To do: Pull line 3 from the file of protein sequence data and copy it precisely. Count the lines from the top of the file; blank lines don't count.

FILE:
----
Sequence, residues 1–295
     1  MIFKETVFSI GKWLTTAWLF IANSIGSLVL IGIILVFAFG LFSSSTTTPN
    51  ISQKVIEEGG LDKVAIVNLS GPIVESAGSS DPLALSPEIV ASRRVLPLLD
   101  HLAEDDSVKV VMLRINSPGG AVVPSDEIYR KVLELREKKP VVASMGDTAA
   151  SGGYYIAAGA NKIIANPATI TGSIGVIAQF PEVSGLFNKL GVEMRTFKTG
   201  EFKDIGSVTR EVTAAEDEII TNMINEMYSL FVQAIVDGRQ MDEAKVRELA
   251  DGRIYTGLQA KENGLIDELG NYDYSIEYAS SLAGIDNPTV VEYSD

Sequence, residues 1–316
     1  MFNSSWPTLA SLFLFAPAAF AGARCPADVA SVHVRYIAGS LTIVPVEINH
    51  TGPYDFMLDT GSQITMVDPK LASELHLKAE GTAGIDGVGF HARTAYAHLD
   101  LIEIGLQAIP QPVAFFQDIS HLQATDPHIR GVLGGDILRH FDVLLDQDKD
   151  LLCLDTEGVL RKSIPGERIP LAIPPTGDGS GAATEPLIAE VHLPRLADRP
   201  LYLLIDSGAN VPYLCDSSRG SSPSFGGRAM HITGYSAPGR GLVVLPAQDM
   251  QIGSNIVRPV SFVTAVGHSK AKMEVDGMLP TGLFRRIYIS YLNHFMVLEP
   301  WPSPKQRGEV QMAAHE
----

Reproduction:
    51  ISQKVIEEGG LDKVAIVNLS GPIVESAGSS DPLALSPEIV ASRRVLPLLD